Delavay teaolive is a superb evergreen shrub with tiny white flowers, that “dust” the foliage in spring and winter — which makes this shrub uniquely suited to gardeners who are hoping to create winter gardens.
Because the Delavay Teaolive does need plenty of time to grow, you’ll have to be patient. We promise it’s worth the wait.
- Have an extremely dense growth habit.
- Will succeed along your north facing well if it gets two to four hours of morning sun.
- Prefer mildly acidic soil, which can be rich, loamy, or sandy.
- Are amazingly drought tolerant.
Flowering Plants for Your North Facing Wall
Once you’ve got your climbing vines and larger shrubs covered, you’ll want to add some smaller flowering plants to balance your garden out.
You may think that you don’t have much choice, but that’s not quite true — once you start looking, you’ll discover that plenty of gorgeous plants with even better flowers can grow just fine in the sorts of conditions you’ll typically find along a north facing wall.
Lilyturf (Liriope spicata)
Lilyturf is an amazing tufted evergreen from the Asparagaceae family that looks just like a prolific ornamental grass, though it technically isn’t one.
Pick this plant for its wonderfully spiky flower clusters, which bloom in fall and summer and which can be white, lavender, or a deeper purple in color, and which peek out from behind the slender, dense, foliage.
If you do want to add lilyturf, which is native to China and Vietnam, to your north facing wall, though, do know what you are getting into — this isn’t a low-maintenance plant:
- Lilyturf can be attacked by a variety of pests, including garden slugs.
- Lilyturf can be quite invasive, which is good if you want a hardy plant, but not good if you don’t necessarily want it absolutely everywhere.
- These plants thrive in partial to deep shade, and don’t tolerate sunny conditions very well, making it a great choice for north facing spots.
- They need a rich soil that rains well, but do appreciate supplemental watering if it hasn’t rained in a while.
Busy Lizzy (Impatiens walleriana)
Why, yes! Your north facing wall can become drenched in an explosion of deep pink, orange, red, or purple — and Impatiens walleriana will help you get there.
Also called Busy Lizzy, this Impatiens species is a wonderful mounding annual that’s native to the tropical regions of Africa and can bloom during the spring, summer, and fall.
These plants don’t like full sun and do best with partial to deep shade, making your north facing wall a great place to plant them.
These Impatiens flowers need rich soil and prefer wetter conditions, usually making supplemental watering absolutely necessary — don’t allow their soil to dry out! It is best to plant Impatiens in clusters, where they can truly shine.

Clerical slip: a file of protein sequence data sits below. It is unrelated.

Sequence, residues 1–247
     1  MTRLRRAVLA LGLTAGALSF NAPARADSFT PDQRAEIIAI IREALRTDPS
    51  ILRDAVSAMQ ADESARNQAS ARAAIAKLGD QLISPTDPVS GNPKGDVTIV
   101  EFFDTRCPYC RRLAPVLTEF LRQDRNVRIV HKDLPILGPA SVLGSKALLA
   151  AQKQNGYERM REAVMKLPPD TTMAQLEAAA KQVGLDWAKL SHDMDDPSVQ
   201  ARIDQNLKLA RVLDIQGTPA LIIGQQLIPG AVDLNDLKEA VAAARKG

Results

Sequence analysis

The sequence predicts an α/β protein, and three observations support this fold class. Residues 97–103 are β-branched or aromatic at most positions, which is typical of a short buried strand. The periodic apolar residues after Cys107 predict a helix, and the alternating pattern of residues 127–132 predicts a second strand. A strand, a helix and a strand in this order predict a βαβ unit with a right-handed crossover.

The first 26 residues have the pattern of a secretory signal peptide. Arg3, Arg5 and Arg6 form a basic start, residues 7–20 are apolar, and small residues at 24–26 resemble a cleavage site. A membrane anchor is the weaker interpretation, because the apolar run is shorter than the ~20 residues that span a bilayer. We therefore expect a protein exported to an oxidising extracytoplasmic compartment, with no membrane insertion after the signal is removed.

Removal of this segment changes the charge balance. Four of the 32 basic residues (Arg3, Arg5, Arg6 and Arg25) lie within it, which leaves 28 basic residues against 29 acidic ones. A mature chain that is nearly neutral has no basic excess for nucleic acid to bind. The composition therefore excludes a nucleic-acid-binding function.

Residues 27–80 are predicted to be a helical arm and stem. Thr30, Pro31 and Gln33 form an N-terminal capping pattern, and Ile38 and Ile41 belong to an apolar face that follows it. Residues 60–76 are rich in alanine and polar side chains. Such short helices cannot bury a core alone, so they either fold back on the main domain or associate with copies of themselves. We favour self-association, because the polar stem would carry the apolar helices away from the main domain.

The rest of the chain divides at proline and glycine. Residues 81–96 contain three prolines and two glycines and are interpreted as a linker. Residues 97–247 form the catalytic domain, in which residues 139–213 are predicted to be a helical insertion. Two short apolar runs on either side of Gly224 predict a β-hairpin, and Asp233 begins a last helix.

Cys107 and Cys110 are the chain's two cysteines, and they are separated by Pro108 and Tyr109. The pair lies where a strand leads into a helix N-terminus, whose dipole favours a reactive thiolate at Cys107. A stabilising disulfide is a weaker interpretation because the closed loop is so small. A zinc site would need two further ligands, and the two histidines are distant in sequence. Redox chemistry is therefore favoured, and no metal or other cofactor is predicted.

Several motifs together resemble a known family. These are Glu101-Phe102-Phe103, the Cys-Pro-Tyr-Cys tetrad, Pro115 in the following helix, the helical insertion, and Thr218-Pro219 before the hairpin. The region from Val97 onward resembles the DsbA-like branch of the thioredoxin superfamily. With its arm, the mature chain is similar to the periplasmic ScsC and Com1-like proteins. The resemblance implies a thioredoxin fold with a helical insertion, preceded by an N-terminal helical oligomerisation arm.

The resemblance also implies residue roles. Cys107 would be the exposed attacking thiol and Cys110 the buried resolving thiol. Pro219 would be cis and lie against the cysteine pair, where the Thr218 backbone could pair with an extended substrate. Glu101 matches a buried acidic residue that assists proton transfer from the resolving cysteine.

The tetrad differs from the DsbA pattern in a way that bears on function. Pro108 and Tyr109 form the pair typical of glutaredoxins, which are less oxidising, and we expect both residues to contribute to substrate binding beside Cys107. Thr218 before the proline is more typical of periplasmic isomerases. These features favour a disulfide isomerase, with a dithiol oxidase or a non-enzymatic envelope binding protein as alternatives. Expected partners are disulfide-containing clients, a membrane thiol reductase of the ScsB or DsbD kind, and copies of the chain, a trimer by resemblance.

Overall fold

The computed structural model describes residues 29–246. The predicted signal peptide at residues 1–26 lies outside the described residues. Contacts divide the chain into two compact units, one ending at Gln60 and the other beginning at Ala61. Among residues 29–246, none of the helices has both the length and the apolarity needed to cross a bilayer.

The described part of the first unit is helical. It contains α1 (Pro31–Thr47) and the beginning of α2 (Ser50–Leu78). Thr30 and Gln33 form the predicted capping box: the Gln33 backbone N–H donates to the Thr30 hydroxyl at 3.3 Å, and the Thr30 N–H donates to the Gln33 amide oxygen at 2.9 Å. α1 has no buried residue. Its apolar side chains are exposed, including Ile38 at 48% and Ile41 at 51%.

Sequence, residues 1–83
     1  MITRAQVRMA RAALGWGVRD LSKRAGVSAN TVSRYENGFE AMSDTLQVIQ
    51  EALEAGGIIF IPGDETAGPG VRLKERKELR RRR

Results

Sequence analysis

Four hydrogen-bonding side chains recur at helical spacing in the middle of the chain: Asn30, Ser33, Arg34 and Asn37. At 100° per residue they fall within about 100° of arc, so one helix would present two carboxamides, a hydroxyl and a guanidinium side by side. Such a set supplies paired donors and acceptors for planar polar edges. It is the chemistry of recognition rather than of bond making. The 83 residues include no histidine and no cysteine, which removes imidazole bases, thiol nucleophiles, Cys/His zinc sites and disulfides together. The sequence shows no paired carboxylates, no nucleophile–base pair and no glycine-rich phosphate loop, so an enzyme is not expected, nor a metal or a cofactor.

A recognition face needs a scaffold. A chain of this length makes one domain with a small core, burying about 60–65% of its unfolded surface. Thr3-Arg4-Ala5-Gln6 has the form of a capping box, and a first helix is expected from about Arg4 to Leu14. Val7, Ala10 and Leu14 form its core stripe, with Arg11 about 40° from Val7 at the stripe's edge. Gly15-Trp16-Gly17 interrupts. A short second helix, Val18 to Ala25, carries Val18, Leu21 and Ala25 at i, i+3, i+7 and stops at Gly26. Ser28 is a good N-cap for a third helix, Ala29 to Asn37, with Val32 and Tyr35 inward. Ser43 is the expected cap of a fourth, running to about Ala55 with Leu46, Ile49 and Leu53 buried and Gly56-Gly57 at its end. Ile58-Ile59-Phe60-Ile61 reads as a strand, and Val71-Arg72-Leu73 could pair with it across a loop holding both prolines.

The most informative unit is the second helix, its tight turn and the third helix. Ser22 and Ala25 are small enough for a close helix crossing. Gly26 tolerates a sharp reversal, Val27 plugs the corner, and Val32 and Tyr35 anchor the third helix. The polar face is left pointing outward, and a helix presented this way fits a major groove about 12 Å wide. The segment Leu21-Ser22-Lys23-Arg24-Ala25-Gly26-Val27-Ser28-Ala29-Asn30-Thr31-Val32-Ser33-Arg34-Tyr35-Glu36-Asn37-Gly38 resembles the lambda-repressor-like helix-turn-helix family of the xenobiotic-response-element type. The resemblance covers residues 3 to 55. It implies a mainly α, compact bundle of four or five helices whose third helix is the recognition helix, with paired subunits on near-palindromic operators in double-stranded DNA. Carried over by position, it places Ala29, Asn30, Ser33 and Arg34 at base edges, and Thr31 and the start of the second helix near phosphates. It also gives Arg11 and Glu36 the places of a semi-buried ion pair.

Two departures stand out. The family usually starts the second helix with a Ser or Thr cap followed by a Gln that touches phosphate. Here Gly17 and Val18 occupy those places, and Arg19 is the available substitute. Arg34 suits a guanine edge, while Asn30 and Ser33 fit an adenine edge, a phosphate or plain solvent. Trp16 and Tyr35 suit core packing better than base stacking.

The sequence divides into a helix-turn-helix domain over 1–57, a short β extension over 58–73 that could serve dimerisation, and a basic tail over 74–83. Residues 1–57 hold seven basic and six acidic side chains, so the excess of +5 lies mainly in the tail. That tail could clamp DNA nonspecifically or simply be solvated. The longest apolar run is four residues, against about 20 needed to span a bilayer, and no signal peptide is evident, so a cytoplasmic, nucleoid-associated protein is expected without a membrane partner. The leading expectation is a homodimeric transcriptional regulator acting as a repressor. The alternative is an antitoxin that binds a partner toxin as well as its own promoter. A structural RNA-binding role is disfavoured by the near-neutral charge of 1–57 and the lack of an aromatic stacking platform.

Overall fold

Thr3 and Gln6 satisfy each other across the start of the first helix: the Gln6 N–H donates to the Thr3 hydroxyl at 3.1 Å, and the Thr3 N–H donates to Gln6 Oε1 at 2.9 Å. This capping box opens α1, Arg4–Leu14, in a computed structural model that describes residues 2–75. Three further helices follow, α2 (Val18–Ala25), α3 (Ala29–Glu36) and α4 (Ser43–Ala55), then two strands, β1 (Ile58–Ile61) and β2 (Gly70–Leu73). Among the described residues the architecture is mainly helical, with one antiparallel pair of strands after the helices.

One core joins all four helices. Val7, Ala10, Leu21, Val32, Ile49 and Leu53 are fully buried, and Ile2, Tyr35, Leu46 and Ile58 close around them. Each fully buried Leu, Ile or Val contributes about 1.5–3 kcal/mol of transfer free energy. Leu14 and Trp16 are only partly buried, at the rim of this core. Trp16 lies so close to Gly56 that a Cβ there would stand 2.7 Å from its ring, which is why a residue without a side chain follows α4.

Wax Begonia (Begonia Semperflorens Cultorum)
These shade-loving plants produce large and colorful pink, red, or white blooms and showy serrated leaves, which have red veins on their undersides.
Wax begonia species are absolutely guaranteed to add to the array of colors along your north facing wall, blooming in summer, lasting into fall. Native to Mexico, they’ll need:
- Deep shade to partial shade.
- Rich soil and periods of moisture as well as periods of drought — there’s no need to water these plants too much, but they’d appreciate an occasional deep watering.
- A neutral to slightly acidic soil.
Everlasting Sweet Pea (Lathyrus Latifolius)
The everlasting sweet pea, or just sweet pea, is a herbaceous perennial climbing vine with gorgeous flowers. Sweet peas are fast growers and will certainly brighten up your north facing wall. Their pretty flowers can come in many different colors — pink, purple, blue, yellow, and white — and bloom in the summer.
If you’d like to add this attractive flowering vine to your north facing wall, it will need:
- A well-draining and rich soil with a slightly alkaline pH level.
- To be watered whenever the top inch of the soil is dry.
- To be placed in a sunny spot or a spot with partial shade.
- Fertilizer during the growing season to help it grow and stay healthy. A tomato fertilizer makes a good choice when it comes to sweet peas.
Holly Fern (Cyrtomium Falcatum)
This beautiful fern, which is native to Vietnam, is commonly called the holly fern because its foliage resembles that of holly shrubs, and like the holly, it usually has evergreen leaves.
Ferns are a great choice for your north facing wall, because they’ll usually add an infusion of year-round green.
If you’ve chosen to add quite a few of the wonderful flowering plants that grow well in the shade to your north facing wall, you will need to balance that out with some greenery.
- Thrive in deep to partial shade and can cope with dappled sun as well.
- May be a little too easy to grow — in some areas, the holly fern can become invasive.
- Like to be planted in larger clusters, and especially along a pond or water feature.
- Needs plenty of moisture, and can be attacked by pests like mealybugs if they are allowed to sit in dry soil for prolonged periods of time.
Gardeners who began reading this guide under the impression that finding plants to grow along a shady, dry, and colder north facing wall would be difficult have now hopefully been dispelled of that notion.
Honestly, it would be fairly easy to write an entire book on best plants to grow along a north facing wall, and while you’ve now been introduced to quite a few wonderful options, there are plenty more.
No matter what kind of vibe you are hoping to create along your north facing wall, a whole army of great plants is waiting to make your vision come to life!